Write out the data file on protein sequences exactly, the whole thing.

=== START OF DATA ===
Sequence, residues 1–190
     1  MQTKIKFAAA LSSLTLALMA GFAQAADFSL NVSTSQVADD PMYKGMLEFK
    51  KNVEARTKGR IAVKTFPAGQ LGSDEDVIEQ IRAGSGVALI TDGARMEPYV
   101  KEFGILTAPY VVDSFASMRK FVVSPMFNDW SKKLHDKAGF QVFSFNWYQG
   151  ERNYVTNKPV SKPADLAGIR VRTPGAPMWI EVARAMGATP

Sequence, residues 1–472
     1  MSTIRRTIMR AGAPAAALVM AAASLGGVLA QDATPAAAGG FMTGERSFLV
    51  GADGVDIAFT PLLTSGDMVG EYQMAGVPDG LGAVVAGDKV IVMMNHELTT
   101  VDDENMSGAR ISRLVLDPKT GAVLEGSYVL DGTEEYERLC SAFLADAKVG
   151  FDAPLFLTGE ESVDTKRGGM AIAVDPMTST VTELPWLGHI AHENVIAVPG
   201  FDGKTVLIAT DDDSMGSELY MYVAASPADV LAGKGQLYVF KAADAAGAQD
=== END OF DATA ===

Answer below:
Sequence, residues 1–190
     1  MQTKIKFAAA LSSLTLALMA GFAQAADFSL NVSTSQVADD PMYKGMLEFK
    51  KNVEARTKGR IAVKTFPAGQ LGSDEDVIEQ IRAGSGVALI TDGARMEPYV
   101  KEFGILTAPY VVDSFASMRK FVVSPMFNDW SKKLHDKAGF QVFSFNWYQG
   151  ERNYVTNKPV SKPADLAGIR VRTPGAPMWI EVARAMGATP

Sequence, residues 1–472
     1  MSTIRRTIMR AGAPAAALVM AAASLGGVLA QDATPAAAGG FMTGERSFLV
    51  GADGVDIAFT PLLTSGDMVG EYQMAGVPDG LGAVVAGDKV IVMMNHELTT
   101  VDDENMSGAR ISRLVLDPKT GAVLEGSYVL DGTEEYERLC SAFLADAKVG
   151  FDAPLFLTGE ESVDTKRGGM AIAVDPMTST VTELPWLGHI AHENVIAVPG
   201  FDGKTVLIAT DDDSMGSELY MYVAASPADV LAGKGQLYVF KAADAAGAQD